control freaks??? nobody is trying to control anybody…stop looking at other christians and thinking thats how we all are suppose to be and look at jesus..thats the model type we all strive to be like…what you do isnt going to effect us we dont even know you..we are trying to help you out not put limitations on your life…there is a way to have fun on halloween other than celebrating it…they have church functions where im at where they teach em about jesus and give them candy…same result different concept..but when in doubt ask this…wwjd (what would jesus do) would jesus threaten to play a trick on you if you didnt give him a treat or celebrate halloween at all??? no..he wouldnt..and the bible does talk about halloween…but it just doesnt say halloween because it wasnt around at that time…but if you want to argue with the bible thats on you..i feel that if you want to do something bad enough you will find an excuse to justify it no matter how right or wrong it is or what ppl say about it…they crucified jesus so finding an excuse for halloween shouldnt be that hard either…pastor c I TOTALLY AGREE…

October 28, 2011 at 3:45 pm
(10) Len says:

How can I know what is right and wrong?

What is God’s will for your life? Many desire to do God’s will, but struggle because they don’t know what God’s will is. The following are some principles from God’s Word that will help you to discern what God’s will is for you.

1.Is it helpful?
The first part of 1 Corinthians 6:12 (NASV) tells us “All things are lawful for me, but not all things are profitable (helpful)…” Is it helpful to me? Will this help me to become a better Christian, a better friend, a better brother or sister?

The second guideline for knowing right from wrong also comes from this passage.

2.Will I be mastered by this?
1 Corinthians 6:12 goes to say, “All things are lawful for me, but not all things are profitable (helpful). All things are lawful for me, but I will not be mastered by anything.” Will I be enslaved by this? Think of some things that are addicting; for example… cigarettes, alcohol, TV, pornography, and so on.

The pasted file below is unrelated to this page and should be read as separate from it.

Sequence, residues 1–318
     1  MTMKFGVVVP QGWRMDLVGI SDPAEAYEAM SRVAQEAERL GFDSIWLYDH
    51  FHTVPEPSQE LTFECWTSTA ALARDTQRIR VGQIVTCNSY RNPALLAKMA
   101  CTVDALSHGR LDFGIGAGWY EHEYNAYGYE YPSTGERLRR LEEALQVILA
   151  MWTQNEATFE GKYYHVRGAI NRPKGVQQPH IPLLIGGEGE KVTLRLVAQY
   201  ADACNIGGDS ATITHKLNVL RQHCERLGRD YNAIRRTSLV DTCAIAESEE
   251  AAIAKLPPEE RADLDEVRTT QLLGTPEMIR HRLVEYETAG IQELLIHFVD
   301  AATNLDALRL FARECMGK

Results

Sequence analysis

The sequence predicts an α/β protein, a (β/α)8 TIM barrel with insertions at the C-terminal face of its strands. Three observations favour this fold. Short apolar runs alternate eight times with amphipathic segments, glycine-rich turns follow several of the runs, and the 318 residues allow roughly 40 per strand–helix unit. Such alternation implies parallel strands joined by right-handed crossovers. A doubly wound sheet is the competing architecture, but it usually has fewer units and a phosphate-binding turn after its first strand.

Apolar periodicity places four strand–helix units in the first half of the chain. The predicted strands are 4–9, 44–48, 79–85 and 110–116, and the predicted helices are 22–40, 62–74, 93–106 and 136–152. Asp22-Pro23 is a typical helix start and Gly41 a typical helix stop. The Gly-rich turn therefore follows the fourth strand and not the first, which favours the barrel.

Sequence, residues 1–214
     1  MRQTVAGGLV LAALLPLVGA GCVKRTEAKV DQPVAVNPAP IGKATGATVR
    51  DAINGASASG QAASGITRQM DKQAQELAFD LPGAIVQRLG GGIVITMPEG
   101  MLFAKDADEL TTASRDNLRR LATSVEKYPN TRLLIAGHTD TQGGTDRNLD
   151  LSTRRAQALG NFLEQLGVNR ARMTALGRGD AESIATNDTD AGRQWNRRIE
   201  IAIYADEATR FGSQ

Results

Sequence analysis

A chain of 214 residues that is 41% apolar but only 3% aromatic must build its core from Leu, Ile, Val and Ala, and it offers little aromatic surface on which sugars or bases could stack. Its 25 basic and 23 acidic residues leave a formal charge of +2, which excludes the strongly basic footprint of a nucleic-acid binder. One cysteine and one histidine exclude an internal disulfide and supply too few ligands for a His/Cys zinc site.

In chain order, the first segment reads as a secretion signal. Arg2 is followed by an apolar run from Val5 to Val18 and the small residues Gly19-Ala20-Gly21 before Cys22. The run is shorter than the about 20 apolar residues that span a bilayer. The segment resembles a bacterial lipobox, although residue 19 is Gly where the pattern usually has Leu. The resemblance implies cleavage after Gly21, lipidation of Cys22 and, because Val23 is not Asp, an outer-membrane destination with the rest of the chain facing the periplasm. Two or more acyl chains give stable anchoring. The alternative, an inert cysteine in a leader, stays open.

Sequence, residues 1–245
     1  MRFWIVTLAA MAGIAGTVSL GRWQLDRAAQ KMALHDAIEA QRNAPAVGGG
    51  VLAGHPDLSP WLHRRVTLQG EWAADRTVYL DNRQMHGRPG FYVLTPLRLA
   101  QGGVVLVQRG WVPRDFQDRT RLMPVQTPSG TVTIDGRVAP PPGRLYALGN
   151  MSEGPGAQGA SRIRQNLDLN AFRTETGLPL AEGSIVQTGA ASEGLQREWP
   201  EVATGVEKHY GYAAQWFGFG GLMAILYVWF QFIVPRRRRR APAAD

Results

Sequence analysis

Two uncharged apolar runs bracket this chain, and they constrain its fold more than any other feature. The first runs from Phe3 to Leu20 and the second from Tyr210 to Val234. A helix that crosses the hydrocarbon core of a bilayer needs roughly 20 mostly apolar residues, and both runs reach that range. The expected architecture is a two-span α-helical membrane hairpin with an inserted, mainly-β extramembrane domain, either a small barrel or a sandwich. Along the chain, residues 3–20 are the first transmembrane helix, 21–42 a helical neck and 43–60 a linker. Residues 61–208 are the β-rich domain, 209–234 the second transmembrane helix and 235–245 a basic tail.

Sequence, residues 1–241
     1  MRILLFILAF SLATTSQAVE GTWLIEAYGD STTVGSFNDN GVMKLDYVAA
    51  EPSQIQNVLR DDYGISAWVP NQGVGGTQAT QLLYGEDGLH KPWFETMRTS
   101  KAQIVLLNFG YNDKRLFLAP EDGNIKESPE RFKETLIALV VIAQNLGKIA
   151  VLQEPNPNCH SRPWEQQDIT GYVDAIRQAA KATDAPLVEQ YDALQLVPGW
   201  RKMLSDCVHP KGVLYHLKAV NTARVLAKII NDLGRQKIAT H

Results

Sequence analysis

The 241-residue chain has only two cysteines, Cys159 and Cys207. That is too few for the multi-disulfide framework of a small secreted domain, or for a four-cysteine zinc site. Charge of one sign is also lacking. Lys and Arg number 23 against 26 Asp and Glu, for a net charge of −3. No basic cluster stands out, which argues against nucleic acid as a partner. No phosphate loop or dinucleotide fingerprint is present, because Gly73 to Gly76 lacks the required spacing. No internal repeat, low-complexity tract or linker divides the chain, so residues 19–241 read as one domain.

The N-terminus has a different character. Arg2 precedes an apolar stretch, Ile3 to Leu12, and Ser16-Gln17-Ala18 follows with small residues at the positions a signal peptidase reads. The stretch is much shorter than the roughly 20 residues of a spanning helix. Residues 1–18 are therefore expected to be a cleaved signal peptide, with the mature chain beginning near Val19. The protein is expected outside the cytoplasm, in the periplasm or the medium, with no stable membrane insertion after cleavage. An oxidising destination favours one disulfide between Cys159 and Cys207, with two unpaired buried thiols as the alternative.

3.Will it cause someone else to stumble?
1 Corinthians 8:7-13 gives the third guideline for knowing right form wrong. In this passage, the principle is not to do things that will cause someone else to stumble. The apostle Paul had a strong faith; he knew there was only one God. He knew God had given him freedom to eat certain meats, but if it made others fall, he would not eat the meat.

I heard a friend once tell this amazing story:

“I remember so clearly the first time I had a drink of beer after being a Christian. I was 25 years old and working with high schools. I had not had a drink for four years and late one afternoon my roommate, who was also my director with the church group I was working with, had a quart of beer and offered me some. I had just come in from a four mile run and was very thirsty. I took a drink from the bottle of beer and it tasted terrible. I quickly got some water and tried to get the taste our of my mouth. On Monday I was at the high school for lunch. A couple of students who were in my group came up and told me of one of our friends who had gotten really drunk the past weekend. They went on to tell me that this guy came to my house on Thursday and was about to knock on my door when he looked in and saw me with a bottle of beer in my hand.

The first time I had one small drink (that tasted icky) in four years and I made this student stumble. What a good lesson for me! Even though the government says I am old enough to drink in moderation, I will not, because it can and has caused my brother to stumble.”

As a student, you are probably not even old enough to drink legally, but can you think of any other situations where you could make someone stumble spiritually?

4.Does it glorify God?
1 Corinthians 10:31 tells us, “So, whether you eat or drink or whatever you do, do it all for the glory of God.” Can this activity glorify God in some way?

October 30, 2011 at 8:00 am
(11) jen says: